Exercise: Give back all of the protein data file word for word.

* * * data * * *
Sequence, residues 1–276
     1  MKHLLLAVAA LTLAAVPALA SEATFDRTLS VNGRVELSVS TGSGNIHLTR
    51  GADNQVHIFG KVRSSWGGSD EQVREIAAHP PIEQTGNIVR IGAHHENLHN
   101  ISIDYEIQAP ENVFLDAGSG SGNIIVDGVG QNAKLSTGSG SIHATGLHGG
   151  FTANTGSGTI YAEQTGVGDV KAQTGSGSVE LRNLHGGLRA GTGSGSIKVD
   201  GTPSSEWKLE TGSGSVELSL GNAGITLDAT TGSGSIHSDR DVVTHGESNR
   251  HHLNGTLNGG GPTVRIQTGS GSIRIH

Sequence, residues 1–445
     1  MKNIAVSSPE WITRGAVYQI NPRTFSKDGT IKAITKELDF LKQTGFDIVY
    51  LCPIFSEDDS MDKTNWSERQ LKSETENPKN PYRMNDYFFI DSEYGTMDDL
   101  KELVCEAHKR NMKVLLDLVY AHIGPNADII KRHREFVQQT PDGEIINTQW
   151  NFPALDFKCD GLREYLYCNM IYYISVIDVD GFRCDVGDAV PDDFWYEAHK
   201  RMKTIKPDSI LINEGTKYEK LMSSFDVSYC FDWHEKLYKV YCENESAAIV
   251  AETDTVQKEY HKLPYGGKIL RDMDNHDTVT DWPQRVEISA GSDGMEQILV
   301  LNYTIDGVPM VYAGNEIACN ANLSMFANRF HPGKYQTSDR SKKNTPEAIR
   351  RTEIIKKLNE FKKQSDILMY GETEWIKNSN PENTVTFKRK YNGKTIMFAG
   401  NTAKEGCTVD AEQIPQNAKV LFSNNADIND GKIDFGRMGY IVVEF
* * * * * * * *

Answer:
Sequence, residues 1–276
     1  MKHLLLAVAA LTLAAVPALA SEATFDRTLS VNGRVELSVS TGSGNIHLTR
    51  GADNQVHIFG KVRSSWGGSD EQVREIAAHP PIEQTGNIVR IGAHHENLHN
   101  ISIDYEIQAP ENVFLDAGSG SGNIIVDGVG QNAKLSTGSG SIHATGLHGG
   151  FTANTGSGTI YAEQTGVGDV KAQTGSGSVE LRNLHGGLRA GTGSGSIKVD
   201  GTPSSEWKLE TGSGSVELSL GNAGITLDAT TGSGSIHSDR DVVTHGESNR
   251  HHLNGTLNGG GPTVRIQTGS GSIRIH

Sequence, residues 1–445
     1  MKNIAVSSPE WITRGAVYQI NPRTFSKDGT IKAITKELDF LKQTGFDIVY
    51  LCPIFSEDDS MDKTNWSERQ LKSETENPKN PYRMNDYFFI DSEYGTMDDL
   101  KELVCEAHKR NMKVLLDLVY AHIGPNADII KRHREFVQQT PDGEIINTQW
   151  NFPALDFKCD GLREYLYCNM IYYISVIDVD GFRCDVGDAV PDDFWYEAHK
   201  RMKTIKPDSI LINEGTKYEK LMSSFDVSYC FDWHEKLYKV YCENESAAIV
   251  AETDTVQKEY HKLPYGGKIL RDMDNHDTVT DWPQRVEISA GSDGMEQILV
   301  LNYTIDGVPM VYAGNEIACN ANLSMFANRF HPGKYQTSDR SKKNTPEAIR
   351  RTEIIKKLNE FKKQSDILMY GETEWIKNSN PENTVTFKRK YNGKTIMFAG
   401  NTAKEGCTVD AEQIPQNAKV LFSNNADIND GKIDFGRMGY IVVEF